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Artist:Alberghetti Foundry , Venice
Date:1551–80, (model), (possibly cast in France, first half of the 19th century)
Medium:Copper alloy with a high content of tin, some lead, and no trace of zinc; the usual trace elements of iron, nickel, silver, and antimony are present, confirming that this is an alloy of fire-refined copper, certainly dating before about 1880; dark brown patina.
Dimensions:H. 21.3 cm, diam. 24.5 cm (rim).
Credit Line:Robert Lehman Collection, 1975
This footed, conical-shaped mortar has an upper section of the outer surface divided into two bands. The decoration is closely related to signed products from the Alberghetti foundry in Venice.(1) The motifs of the cornucopias, the stag, and the suspended bucrania are found on a mortar in the Museo Nazionale del Bargello, Florence,(2) signed by Giulio Alberghetti, director of the foundry between 1551 and 1572,(3) and on a number of related bronze utensils convincingly attributed to the Alberghetti family by Motture.(4) The Lehman mortar appears to be one of five identical works with only minor differences. The other versions are at the Louvre, Paris,(5) The Metropolitan Museum of Art, New York,(6) the Thyssen-Bornemisza collection,(7) and Sotheby’s, London, 9 July 1987, lot 71.(8) Owing to their close relationship in dimensions, style, and facture, Radcliffe considered these as modern aftercasts “from a single mould taken from a hitherto unidentified original.”(9) He subsequently accepted an earlier dating of the Louvre mortar,(10) which thus could be the original. In view of the conical profile of the five identical mortars and the bell shape of the Bargello version, Radcliffe proposed that the conical type could represent a somewhat earlier phase in the production of the Alberghetti foundry. If the four aftercasts, including the Lehman mortar, were produced in France in the first half of the nineteenth century, as Radcliffe suggested,(11) it is remarkable that there is no consistency in alloy composition between the Lehman piece and the similar one in the Metropolitan Museum. Whereas the present work has a high tin content and a low level of lead, the Metropolitan’s version has been cast in brass, a copper alloy with major levels of zinc, and only incidental amounts of tin.(12)
Catalogue entry from: Frits Scholten. The Robert Lehman Collection. European Sculpture and Metalwork, Vol. XII. Frits Scholten, New York: The Metropolitan Museum of Art in association with Princeton University Press, 2011, pp. 194-195.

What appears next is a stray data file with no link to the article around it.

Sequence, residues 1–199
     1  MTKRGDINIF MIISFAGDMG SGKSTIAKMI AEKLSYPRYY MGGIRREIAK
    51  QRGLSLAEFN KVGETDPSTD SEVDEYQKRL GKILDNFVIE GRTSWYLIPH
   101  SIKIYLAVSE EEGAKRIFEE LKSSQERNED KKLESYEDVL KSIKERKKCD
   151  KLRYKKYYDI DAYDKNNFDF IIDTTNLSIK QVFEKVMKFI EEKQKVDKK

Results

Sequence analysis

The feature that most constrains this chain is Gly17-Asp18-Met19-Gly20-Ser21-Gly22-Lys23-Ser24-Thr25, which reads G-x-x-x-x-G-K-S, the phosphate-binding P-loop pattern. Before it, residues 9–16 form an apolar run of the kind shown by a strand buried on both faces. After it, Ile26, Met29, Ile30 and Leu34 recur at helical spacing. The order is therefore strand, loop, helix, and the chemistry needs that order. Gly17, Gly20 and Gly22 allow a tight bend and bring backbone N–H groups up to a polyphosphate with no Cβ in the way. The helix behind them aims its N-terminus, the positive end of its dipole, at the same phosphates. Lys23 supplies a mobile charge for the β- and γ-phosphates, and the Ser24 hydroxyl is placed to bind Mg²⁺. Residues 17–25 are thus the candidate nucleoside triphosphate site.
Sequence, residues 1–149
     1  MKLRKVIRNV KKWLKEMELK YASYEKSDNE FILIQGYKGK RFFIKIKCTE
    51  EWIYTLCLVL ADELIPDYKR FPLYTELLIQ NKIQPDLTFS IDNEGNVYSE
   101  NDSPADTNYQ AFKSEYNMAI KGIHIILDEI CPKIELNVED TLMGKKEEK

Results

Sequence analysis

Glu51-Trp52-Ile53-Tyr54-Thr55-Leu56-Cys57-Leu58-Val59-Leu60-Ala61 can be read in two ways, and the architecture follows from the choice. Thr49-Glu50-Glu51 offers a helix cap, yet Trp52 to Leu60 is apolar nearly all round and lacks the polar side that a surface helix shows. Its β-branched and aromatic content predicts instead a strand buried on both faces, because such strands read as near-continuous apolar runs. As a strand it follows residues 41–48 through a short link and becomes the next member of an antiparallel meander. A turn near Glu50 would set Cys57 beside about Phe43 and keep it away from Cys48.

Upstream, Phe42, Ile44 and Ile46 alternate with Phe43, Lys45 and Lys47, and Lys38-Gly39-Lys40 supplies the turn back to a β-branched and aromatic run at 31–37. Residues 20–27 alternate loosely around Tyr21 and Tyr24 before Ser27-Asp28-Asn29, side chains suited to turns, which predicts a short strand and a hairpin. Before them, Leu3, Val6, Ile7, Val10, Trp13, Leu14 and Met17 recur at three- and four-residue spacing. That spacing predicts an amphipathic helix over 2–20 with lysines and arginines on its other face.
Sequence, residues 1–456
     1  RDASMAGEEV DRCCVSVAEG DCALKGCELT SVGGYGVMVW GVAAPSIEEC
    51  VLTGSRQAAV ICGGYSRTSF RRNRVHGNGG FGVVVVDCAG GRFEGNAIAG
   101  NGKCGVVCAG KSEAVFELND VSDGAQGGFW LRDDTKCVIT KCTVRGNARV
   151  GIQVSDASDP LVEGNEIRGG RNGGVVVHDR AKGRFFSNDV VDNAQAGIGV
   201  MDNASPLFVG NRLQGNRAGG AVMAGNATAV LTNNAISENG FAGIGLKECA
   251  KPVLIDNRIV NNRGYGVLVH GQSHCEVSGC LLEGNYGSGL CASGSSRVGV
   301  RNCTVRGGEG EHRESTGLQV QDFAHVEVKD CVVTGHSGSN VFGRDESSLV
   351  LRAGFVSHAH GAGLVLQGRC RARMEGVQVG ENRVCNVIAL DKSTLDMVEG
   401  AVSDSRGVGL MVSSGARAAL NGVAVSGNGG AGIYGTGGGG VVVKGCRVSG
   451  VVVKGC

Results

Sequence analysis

Notes: 1. Motture, Peta. Bells and Mortars and Related Utensils: Catalogue of Italian Bronzes in the Victoria and Albert Museum. London, 2001, no. 17, and pp. 96 – 98, figs. 13 – 15. 2. Museo Nazionale del Bargello, Florence, no. 715. 3. Radcliffe, Anthony, Malcolm Baker, and Michael Maek-Gérard. Renaissance and Later Sculpture, with Works of Art in Bronze. The Thyssen-Bornemisza Collection. London, 1992, p. 225, fig. 2. 4. Motture, nos. 23, 24. 5. Migeon, Gaston. Catalogue des bronzes & cuivres du Moyen Âge, de la Renaissance et des temps modernes. Musée du Louvre. Paris, 1904, no. 38. 6. Metropolitan Museum, 1982.60.111 (ex coll. Jack and Belle Linsky; The Jack and Belle Linsky Collection in The Metropolitan Museum of Art. New York, 1984, no. 64). 7. Radcliffe, Baker, and Maek-Gérard, no. 37. 8. Ibid., p. 222; Motture, p. 116. 9. Radcliffe in Radcliffe, Baker, and Maek-Gérard, p. 223. 10. See Motture, p. 115. 11. Radcliffe in Radcliffe, Baker, and Maek-Gérard, p. 225. 12. This information is based on a semi-quantitative X-ray fluorescence analysis provided by Richard E. Stone, March 2009.
[Goldschmidt Galleries, New York]. Acquired by Philip Lehman through Goldschmidt Galleries in July 1930.
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Bartolomeo Vivarini (Italian, active Venice 1450–91)
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